What it does
This Charter amendment would create a “Rainy Day” Reserve in the City’s budget. Revenue growth in excess of five percent would be allocated as follows: 50% of the excess to the Reserve, 25% to capital and other one-time expenditures, and 25% to general government needs. During lean fiscal times, the City would be able to withdraw up to 50% of the Reserve funds in a given year, but no more than the budget decline from the previous year. The Reserve would be capped at 10% of General Fund revenues. Prop. G allows appropriation of the Reserve for the School District if per-pupil revenues are projected to decline and the District has given notice of a significant number of layoffs.
Why it is on the ballot
Periodically, the City’s fiscal condition is rocked by boom and busts cycles. During the boom, politicians are seemingly unable to resist interest-group pressure to create or expand programs, labor-organization demands for higher compensation, and their own desire to fund new projects. There is a tendency to spend every available dollar.
When an economic recession or other fiscal shocks end the good times, the City is confronted with cutting services and increasing fees. Fiscal Year 2003–2004’s anticipated $347 million budget deficit showed what happens in the bust cycle. The budget was ultimately balanced with spending cuts, labor union concessions, one-time deferrals, fee increases, layoffs, and deferred maintenance.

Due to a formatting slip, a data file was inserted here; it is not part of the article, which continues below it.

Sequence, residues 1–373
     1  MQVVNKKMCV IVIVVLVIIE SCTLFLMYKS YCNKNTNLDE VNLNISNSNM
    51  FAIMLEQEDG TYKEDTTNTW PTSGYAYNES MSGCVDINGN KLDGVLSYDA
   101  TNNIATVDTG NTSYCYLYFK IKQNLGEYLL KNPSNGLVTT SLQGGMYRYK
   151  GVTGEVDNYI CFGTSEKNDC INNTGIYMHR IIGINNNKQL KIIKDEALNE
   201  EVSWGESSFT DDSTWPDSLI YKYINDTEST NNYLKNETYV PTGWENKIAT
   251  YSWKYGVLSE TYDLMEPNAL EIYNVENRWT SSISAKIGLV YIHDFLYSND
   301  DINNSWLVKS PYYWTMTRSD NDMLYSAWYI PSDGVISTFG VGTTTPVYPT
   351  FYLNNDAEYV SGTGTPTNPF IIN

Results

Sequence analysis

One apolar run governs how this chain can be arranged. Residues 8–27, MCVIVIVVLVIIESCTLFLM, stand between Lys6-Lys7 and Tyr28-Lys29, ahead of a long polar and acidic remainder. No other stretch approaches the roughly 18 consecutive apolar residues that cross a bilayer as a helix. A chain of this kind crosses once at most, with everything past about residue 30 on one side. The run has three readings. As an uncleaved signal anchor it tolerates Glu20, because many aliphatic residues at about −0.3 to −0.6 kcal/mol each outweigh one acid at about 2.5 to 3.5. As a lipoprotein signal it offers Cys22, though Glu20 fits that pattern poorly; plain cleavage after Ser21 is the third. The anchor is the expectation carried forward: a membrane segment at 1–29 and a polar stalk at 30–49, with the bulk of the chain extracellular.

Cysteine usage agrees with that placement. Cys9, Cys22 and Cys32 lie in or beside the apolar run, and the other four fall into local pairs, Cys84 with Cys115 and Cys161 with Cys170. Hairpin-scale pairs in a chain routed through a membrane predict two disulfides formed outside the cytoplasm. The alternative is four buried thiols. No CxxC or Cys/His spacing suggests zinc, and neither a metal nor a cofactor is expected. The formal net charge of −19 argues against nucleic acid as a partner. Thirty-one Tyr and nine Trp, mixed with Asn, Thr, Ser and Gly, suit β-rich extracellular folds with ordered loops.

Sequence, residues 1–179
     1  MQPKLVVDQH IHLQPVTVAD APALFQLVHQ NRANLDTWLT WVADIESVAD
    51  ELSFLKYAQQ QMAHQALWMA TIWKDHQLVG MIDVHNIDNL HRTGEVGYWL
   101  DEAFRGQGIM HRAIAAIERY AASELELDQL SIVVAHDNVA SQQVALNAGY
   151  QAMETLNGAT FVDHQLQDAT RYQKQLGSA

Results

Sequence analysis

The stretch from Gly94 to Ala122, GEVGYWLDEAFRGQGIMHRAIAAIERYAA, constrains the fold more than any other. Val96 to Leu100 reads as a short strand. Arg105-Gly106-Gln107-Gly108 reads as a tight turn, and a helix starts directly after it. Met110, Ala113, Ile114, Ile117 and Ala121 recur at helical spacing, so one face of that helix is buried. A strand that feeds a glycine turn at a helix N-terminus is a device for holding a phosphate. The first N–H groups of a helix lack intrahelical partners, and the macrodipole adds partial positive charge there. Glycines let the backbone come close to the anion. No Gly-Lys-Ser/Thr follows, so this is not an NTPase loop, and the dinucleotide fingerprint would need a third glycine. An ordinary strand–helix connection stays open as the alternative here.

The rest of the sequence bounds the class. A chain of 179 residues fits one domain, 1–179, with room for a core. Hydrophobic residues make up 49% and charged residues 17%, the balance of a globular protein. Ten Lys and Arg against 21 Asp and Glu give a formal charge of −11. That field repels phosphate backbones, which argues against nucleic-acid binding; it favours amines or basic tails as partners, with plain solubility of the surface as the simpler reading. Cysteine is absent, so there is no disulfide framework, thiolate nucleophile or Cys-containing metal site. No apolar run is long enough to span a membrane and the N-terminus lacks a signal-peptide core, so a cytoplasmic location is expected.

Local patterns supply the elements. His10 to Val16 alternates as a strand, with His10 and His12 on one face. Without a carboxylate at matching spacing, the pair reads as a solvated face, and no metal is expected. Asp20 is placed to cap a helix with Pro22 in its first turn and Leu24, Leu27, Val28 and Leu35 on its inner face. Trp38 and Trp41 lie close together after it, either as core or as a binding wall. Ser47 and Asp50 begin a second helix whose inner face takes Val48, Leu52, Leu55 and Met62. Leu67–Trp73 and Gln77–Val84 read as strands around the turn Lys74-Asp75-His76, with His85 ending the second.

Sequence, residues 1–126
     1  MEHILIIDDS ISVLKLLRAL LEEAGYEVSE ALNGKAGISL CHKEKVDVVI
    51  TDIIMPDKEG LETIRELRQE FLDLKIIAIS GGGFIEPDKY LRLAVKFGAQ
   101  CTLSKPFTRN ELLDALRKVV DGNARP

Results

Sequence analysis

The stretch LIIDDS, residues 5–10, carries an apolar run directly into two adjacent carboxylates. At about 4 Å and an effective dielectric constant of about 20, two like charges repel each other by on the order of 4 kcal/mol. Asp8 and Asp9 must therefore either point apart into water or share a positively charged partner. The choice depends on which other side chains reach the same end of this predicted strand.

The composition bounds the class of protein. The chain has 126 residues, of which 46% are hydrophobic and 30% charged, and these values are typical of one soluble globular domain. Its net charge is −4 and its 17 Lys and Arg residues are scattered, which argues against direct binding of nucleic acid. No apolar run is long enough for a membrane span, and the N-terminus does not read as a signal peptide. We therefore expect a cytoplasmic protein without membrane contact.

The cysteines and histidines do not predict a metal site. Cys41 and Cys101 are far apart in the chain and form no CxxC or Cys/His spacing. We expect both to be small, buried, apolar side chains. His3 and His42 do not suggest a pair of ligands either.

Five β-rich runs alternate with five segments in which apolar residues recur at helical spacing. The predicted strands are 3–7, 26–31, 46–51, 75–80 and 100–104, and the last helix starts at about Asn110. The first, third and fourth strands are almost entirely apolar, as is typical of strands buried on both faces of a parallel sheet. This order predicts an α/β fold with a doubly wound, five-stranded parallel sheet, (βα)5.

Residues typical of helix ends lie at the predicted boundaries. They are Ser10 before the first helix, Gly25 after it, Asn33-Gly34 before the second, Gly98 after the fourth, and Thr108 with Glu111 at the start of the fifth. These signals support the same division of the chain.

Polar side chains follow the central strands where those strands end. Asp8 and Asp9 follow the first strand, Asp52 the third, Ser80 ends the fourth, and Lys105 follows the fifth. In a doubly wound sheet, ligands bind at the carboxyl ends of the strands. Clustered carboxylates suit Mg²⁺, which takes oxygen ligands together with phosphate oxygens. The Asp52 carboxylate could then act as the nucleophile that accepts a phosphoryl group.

In May 2003, SPUR recommended (Crisis and Opportunity in the City Budget [PDF 60Kb, 19 pages], SPUR Report 416) that the City establish a revenue-stabilization fund to protect some funds in flush years to cushion the budget in crunch times. Supervisor Tom Ammiano, working with Controller Ed Harrington, developed Prop. G to do just that.
According to the Controller, a rainy day fund would have slowed spending in four of the last seven fiscal years. It would have left Supervisors with more than $165 million to cushion budget cuts over the last two fiscal years and the 2003-2004 budget.
Forty-five states, with the notable exception of California, have some form of a rainy day fund. Fewer such funds exist at the municipal level.
- The concept of having a Rainy Day Fund is a basic principle of sound public management. Prop. G enforces some fiscal discipline, forcing the Mayor and Board of Supervisors to say no to constituents and City workers who want to spend all the money which rolls in
- The Reserve reduces the City’s borrowing costs by maintaining strong bond ratings